Exile is a powerful concept in the Hebrew Bible.
In addition, it turns out to be transformative as Christianity emerges half-a-millennium later.
Life in Judah and Jerusalem in the 590s and 580s BCE changed dramatically. The proactive invasion of Jerusalem by the Babylonians in 597 was a warning shot by an emerging world power.
Nebuchadnezzar arrived in Jerusalem with a threat and a promise. The threat was that Judah and Jerusalem’s political, economic and social elite would be compromised.
The promise was that if Judah and Jerusalem resisted, they would be destroyed.
In 597, the Babylonians skimmed the cream off the culture of Judah and Jerusalem.
The poets, musicians, priests and artists – and the core of the political infrastructure – were exiled to a ghetto “by the waters of Babylon” (Psalm 139). The poem is raw and pointed, tinged with politics and revenge.
Then, a decade later, the house of cards collapsed. Nebuchadnezzar returned to Jerusalem. That time, he was wearing military gear rather than the polite attire of diplomacy.
Zedekiah – the last king of the Davidic Dynasty – was humiliated as he saw the destruction of Jerusalem.
The royal nursery was emptied, and all of the infants were slaughtered in the presence of the king. And, then, his eyes were gouged out, and he was carried off to Babylon in chains.
His story is a picture of a fate worse than death. The promise of a Davidic dynasty that would never end (see 2 Samuel 7) died that day, with respect to a geographical and political Judah.
Years before – sometime after 597 – Jeremiah sent a letter to the first cohort of exiles in Babylon (see Jeremiah 29).
He urged the exiles to settle in, to build houses, to plant gardens, to raise children and to work toward making their exile a place of peace, including willing the good of the people with whom they are living: the Babylonians.
In a split-screen, we see Ezekiel in Babylon, part of the crème skimmed from the political and cultic culture of Jerusalem.
The one-time priest became an enduring prophet who challenged the status quo and offered renewed ways of adapting to crisis.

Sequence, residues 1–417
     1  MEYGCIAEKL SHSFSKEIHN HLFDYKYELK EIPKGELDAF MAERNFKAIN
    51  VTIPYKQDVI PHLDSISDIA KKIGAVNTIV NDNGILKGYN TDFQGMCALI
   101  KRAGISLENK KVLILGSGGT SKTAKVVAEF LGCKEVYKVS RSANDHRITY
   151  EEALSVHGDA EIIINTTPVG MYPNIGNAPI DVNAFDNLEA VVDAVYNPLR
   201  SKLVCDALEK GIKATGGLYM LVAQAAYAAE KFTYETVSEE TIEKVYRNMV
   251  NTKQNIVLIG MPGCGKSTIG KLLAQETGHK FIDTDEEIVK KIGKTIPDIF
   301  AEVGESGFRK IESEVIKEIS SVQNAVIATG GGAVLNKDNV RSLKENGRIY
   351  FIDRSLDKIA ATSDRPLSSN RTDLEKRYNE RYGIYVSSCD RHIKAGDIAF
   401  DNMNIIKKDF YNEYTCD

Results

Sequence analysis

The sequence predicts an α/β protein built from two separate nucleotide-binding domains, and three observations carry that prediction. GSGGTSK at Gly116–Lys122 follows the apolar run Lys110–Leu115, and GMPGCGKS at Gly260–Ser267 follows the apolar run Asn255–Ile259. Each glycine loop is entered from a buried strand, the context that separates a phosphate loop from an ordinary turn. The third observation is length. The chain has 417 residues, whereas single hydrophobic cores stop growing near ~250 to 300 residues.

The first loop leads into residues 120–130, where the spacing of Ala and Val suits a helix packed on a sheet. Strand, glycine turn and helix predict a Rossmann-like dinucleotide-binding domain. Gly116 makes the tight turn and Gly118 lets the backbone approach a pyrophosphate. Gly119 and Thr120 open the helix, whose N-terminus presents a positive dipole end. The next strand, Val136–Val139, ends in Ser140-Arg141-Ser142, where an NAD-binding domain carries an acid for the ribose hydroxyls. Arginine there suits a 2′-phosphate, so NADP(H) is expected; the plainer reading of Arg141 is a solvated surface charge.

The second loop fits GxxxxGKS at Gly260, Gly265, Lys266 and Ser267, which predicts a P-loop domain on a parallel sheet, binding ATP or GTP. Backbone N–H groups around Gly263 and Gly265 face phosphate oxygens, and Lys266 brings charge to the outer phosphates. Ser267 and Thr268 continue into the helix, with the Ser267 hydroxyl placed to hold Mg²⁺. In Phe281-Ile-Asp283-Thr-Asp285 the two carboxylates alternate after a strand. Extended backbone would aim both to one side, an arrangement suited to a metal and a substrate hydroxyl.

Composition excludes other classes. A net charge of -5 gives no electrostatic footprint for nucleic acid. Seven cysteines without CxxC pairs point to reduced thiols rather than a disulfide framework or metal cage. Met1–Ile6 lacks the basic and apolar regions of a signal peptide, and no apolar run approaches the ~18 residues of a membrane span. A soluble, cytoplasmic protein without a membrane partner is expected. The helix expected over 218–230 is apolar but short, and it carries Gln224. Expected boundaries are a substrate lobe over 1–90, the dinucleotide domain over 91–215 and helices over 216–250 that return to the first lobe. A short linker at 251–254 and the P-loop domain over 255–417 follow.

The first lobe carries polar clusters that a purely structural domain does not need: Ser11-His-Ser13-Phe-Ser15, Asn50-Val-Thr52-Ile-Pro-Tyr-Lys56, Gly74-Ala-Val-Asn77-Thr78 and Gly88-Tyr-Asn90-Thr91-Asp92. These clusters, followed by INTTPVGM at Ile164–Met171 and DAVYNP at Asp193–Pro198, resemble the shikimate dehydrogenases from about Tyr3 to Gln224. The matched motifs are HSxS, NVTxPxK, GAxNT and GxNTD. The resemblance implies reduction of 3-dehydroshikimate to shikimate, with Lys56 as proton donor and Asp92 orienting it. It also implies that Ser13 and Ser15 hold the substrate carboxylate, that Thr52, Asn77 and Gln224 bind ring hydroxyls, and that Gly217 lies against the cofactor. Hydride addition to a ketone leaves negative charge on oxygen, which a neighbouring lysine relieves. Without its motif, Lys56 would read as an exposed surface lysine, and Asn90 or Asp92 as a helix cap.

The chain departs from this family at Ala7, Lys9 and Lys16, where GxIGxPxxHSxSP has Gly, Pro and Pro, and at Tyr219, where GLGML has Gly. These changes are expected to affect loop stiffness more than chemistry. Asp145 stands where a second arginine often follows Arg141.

A significant fruit of the exile was a great transformation. The regional – even tribal – faith of Judah and the Judah-ites emerged as a global religion: Judaism.
Most of the old practices of the religion of Judah were transformed. The synagogue transcended the Temple. Jews in exile discovered they could keep the covenant through reciting the tales of old in a new context. The oral traditions became written and revered traditions in the Torah.
Judaism emerged as a religion of hope. It was, at least, a tradition-based religion that hoped for (and hopes for) the restoration of the Temple and the Messiah, the anointed one.
In the first century, especially after the Second Temple was destroyed by the Romans in 70 CE, a Jewish sect emerged that was called Christianity. The Christ in Christianity is Messiah. Soon, the sect spread to non-Jews who embraced the hope.
Christianity is, at least, part of the strange fruit of the Babylonian exile. Without the exile, the Davidic dynasty of 400-plus years of anointed kings never would have moved from a string of anointed kings in the past to the hope for the Messiah.
Our world now is in a hard place, reminiscent of the Black Plague in the 16th century and the unfortunately named “Spanish Flu” a century ago.
We find ourselves in an exile, of sorts, that is health-related rather than a clash of world powers.
What shall we take from history and faith that might encourage us in these uncertain days?
Jeremiah and Ezekiel each attempted to undo a proverb oft repeated in the streets of Jerusalem and in the Babylonian ghetto of the Judah-ites: “The fathers have eaten sour grapes, and the children’s teeth are set on edge.”
They rejected the blame game and asserted that each person is responsible to address contemporary situations.
Jeremiah and Ezekiel set aside any claim to privilege and chose instead to identify with those who were suffering.
The prophet, Isaiah of the exile, was more direct: He declared the exiles were, in fact, the suffering servant who would bring liberation and redemption to the now-lost Judah.
Solidarity with the suffering always is the first step toward liberation, redemption and renewal.
History – and the Holy Scripture of Jews and Christians – documents that the return from exile was not the establishment of normal. Everything was transformed.
Judaism emerged in and after the exile as life lived in the memory of the covenant (with Noah, Abraham, Moses and David).
We are in coronavirus exile. We have a chance to reflect upon what was, to experience what is, and to hope for and work toward what might be in the months and years ahead.
John Claypool was no stranger to exile, personal, geographical, institutional and more. Through it all he would say, “The worst thing is not the last thing.” Indeed. In God’s world, hope endures.
Columbus Roberts professor of theology and chair of the Columbus Roberts Department of Religion in the college of liberal arts at Mercer University in Macon, Georgia.